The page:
One journalist explores concerns surrounding teletherapy for psychedelic mental health treatment

Shayla Love

Shayla Love, a senior staff writer at Motherboard (the tech arm of Vice.com), has written several articles about psychedelic drugs used as mental health therapy. One recent story, Psychedelic Telemedicine Has Arrived. What Could Possibly Go Wrong? took a public health turn. In this investigative story, Love explored problems arising from a company offering ketamine — an anesthetic drug that produces hallucinogenic effects — as a teletherapy, sending the medications to people’s homes and offering some guided therapy online. Traditionally, drugs like this and related guided therapy are administered in a medical clinic under the direct supervision of an expert.

In a new “How I Did It,” Love talks about her reporting process and offers words of caution on behalf of vulnerable patients who might pursue this avenue of therapy. (Responses have been lightly edited and condensed.)

How did you find out about this story or get the idea to pursue this?

I have been covering psychedelics in the context of mental health treatment for the past several years, so that topic was already on my radar. I got ads in my Instagram feed for Mindbloom, a company advertising a telemedicine ketamine therapy approach where people can get ketamine sent to their house. I thought that was pretty interesting because many ketamine clinics are opening now. Most of them are in person, so you have to go in to receive either ketamine infusions or pills.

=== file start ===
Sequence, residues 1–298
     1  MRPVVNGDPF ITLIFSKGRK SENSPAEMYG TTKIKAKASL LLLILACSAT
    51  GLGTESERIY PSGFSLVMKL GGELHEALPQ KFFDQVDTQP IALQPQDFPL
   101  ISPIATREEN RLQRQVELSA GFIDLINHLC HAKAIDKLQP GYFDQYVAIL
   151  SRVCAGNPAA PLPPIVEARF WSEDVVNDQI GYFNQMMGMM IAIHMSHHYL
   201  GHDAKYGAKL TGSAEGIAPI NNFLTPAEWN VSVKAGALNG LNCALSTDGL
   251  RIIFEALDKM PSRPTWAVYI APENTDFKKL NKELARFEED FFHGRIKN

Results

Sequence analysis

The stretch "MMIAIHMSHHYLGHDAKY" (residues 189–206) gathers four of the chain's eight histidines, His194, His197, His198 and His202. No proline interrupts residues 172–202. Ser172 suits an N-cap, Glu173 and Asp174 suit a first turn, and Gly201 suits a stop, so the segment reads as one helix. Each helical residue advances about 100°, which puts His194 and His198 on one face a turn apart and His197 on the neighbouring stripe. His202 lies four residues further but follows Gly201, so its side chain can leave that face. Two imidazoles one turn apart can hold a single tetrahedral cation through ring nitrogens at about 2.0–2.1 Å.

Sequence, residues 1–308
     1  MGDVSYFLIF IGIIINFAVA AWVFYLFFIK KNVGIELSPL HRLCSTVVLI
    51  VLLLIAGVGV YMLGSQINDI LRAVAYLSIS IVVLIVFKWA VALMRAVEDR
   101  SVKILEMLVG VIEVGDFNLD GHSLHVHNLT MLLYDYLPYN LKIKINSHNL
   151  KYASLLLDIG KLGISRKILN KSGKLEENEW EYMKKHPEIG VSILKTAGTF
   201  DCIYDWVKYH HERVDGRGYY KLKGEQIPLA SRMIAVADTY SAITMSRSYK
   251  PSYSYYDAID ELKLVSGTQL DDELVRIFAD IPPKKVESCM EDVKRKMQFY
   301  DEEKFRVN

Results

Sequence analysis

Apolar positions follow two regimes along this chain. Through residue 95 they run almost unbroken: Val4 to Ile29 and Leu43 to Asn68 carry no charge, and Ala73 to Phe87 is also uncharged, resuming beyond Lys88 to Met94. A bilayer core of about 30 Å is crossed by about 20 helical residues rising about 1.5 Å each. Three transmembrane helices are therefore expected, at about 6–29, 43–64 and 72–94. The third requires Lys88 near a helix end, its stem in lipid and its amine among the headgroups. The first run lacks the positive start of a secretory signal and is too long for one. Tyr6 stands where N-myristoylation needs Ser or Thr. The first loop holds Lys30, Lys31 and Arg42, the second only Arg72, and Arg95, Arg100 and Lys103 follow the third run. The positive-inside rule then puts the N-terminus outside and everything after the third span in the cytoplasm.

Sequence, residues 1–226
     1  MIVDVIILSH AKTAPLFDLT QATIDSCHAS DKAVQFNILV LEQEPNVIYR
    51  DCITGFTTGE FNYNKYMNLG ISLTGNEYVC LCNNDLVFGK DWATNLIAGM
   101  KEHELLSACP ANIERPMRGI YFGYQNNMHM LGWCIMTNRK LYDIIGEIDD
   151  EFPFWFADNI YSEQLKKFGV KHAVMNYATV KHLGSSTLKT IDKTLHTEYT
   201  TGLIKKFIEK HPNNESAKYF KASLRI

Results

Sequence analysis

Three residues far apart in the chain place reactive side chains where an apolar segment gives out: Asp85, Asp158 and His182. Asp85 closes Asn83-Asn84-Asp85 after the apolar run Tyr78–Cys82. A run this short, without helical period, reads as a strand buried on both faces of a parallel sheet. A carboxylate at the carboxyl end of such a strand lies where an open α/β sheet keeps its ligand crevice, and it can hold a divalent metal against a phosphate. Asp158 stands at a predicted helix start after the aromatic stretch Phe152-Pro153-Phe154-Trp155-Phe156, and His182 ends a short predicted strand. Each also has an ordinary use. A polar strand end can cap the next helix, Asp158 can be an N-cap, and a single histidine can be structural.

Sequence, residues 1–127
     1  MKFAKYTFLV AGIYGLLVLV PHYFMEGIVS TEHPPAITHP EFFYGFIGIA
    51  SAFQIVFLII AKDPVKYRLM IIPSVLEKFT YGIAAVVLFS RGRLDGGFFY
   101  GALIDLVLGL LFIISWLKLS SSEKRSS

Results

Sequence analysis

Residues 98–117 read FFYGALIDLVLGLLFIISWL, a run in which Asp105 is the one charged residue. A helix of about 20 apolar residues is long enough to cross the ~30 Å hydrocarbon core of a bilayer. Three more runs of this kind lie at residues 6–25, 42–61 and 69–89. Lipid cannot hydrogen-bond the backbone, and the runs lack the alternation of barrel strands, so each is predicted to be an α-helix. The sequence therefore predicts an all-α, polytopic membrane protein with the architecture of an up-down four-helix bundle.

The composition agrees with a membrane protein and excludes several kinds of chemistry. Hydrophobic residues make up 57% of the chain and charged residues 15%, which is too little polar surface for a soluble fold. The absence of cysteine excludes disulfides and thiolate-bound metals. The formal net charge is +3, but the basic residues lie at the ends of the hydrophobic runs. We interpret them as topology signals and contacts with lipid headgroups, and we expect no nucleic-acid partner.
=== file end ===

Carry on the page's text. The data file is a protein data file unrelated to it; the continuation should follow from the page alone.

I was busy then, but it was in the back of my mind that I wanted to look into what experiences people were having with this. A few months later, I saw some clinicians discussing it on Twitter. They were pretty alarmed that people could get ketamine mailed to them, out of concern about people being medically and psychologically supported during the experiences. I went to Mindbloom’s Instagram page and started reading the comments and immediately noticed a lot of negative feedback. I saw people saying things like, “I paid the down payment, and I never got an appointment, and I’ve been trying to reach people for weeks.” A lot of them were logistics-related: “I can’t get ahold of anybody,” “I can’t make my appointment.” At that point, I really wanted to look into it. I started by reaching out to basically everybody who left a negative comment.

Is that how you found some of the patients to interview?

 Yes, a lot of them came from people who had been expressing their disappointment online. After that, I went to Reddit, which has a big ketamine subreddit. I searched for Mindbloom, and there were dozens of posts about people’s experience with the company, so I reached out to lots of people that way as well. I think this story is about the role of teletherapy in psychedelic medicine and what kinds of support are needed both in terms of the experience itself and just the logistics. Many people who had complaints were about response time and waiting for appointments or other logistics concerns. That’s a really interesting component. 

 The experts that I spoke with were not the ones that I saw talking on Twitter; they were ones I’m familiar with in the community from having reported on this beat for several years. They’ve been really pioneering this work for the past many years, so they were the ones that I wanted to reach out to get their opinions about this model, what was good about it and their concerns about it.

You had some good details on what the company is charging and how this works. Was that available through the Instagram ads, or did you find that out from interviewing some of the clients?

 The price is available on the website, so that was pretty easy to get. This piece involves some anonymous sourcing because people didn’t really want their name out there associated with the fact that they were ordering ketamine to their homes. When it comes to mental health stories, I’m usually pretty sympathetic to the fact that people don’t want it put out there that they’re struggling with mental health issues. But whenever I used anonymous sources, I tried to go a bit farther in verification. So I had every single source send me their receipts for how much they paid for the service, and then I could verify what the cost was through that as well as what was on the website.